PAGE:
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The Trial of the Juntas (Spanish, Juicio a las Juntas) was the judicial trial of the members of the de facto military government that ruled Argentina during the dictatorship of the Proceso de Reorganización Nacional, which lasted from 1976 to 1983.

The Trial of the Juntas began on April 22, 1985, during the presidential administration of Raúl Alfonsín. The main prosecutors were Julio César Strassera and his assistant Luis Moreno Ocampo. The trial was presided by a group of six judges: Carlos Arslanián, Jorge Torlasco, Ricardo Gil Lavedra, Andrés D'Alessio, Jorge Valerga Aráoz and Guillermo Ledesma.

The dictatorship was in fact a series of several military governments under four juntas. The 4th Junta, before calling for elections and relinquishing power to the democratic authorities, passed a Self-Amnesty Law and a secret decree that dictated the destruction of much evidence of their past crimes. Three days after his inauguration (1983-12-13), President Alfonsín passed Decree No. 158, mandating the initiation of legal accusations and trial against the nine military officers of the first three juntas (not the 4th).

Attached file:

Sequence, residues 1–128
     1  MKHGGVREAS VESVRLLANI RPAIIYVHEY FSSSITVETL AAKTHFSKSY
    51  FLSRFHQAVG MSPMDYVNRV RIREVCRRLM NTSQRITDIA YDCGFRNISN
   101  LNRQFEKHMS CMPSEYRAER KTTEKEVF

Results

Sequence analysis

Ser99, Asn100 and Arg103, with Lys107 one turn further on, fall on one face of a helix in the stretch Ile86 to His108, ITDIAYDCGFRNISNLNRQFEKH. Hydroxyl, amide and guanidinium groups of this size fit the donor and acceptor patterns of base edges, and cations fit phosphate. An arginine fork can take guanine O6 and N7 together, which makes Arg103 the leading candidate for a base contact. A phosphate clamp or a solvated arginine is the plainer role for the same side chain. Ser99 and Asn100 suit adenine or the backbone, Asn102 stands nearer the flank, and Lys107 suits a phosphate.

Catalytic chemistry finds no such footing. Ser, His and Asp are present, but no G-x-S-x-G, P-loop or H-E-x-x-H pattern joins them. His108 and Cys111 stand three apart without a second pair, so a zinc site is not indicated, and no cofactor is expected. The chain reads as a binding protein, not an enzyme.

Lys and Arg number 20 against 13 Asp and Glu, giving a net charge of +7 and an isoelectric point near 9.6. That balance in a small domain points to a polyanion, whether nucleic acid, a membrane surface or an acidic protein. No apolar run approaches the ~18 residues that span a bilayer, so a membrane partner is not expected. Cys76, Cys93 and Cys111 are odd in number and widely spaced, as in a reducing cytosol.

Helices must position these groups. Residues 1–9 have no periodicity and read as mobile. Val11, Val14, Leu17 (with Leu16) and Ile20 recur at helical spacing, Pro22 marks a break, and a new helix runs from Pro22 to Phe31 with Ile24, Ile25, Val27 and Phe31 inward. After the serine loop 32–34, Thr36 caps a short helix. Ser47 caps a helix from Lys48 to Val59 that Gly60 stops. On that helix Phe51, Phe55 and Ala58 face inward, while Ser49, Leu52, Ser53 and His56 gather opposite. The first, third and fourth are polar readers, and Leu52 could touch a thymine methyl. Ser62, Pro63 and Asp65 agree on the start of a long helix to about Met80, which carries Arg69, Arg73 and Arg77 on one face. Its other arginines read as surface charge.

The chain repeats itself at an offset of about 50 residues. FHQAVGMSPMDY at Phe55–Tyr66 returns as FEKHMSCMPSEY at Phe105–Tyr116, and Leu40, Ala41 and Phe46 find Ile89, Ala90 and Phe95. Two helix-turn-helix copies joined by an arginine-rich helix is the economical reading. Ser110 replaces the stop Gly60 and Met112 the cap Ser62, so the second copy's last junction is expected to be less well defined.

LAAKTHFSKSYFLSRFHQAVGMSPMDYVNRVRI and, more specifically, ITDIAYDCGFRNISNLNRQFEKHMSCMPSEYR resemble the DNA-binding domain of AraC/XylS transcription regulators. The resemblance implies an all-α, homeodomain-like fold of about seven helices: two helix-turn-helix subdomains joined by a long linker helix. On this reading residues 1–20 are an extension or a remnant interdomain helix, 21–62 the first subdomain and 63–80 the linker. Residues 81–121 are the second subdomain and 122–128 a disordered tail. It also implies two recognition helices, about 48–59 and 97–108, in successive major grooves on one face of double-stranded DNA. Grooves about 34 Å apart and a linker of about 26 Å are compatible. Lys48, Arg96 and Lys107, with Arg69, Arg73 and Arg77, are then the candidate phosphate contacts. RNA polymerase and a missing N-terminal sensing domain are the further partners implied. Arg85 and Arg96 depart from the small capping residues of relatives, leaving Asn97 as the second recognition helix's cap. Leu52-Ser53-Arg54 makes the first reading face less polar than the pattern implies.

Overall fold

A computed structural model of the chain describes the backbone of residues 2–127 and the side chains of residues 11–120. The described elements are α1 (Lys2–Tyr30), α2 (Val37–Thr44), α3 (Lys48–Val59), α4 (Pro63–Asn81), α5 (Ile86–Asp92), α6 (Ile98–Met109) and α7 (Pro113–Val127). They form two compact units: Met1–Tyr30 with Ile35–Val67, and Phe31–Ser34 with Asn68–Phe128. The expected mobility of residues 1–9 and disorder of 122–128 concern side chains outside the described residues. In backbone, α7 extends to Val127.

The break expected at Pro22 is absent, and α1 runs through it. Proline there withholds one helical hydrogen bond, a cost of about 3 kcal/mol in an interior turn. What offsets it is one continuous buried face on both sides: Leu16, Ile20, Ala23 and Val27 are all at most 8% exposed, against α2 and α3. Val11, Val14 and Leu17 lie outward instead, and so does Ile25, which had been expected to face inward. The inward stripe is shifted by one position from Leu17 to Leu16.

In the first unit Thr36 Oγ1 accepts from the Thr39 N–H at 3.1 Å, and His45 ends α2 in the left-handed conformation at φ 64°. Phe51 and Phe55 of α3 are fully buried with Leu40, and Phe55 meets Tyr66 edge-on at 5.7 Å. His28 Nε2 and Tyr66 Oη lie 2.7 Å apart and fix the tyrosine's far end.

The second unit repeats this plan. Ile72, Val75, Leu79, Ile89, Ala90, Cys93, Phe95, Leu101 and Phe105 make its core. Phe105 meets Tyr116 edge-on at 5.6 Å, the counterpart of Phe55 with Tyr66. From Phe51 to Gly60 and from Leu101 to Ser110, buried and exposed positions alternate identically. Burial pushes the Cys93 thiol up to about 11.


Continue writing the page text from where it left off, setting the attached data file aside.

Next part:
This trial is so far the only example of such a procedure and in such a scale against a former dictatorial government in Latin America. It largely succeeded in proving the crimes of the juntas, which included forced disappearance, torture and murder of thousands of people. Most of the top officers who were tried were sentenced to life imprisonment: Jorge Rafael Videla, Emilio Eduardo Massera, Roberto Eduardo Viola, Armando Lambruschini, Raúl Agosti, Rubén Graffigna, Leopoldo Galtieri, Jorge Anaya and Basilio Lami Dozo. They were later pardoned by president Carlos Menem in 1989–1990.

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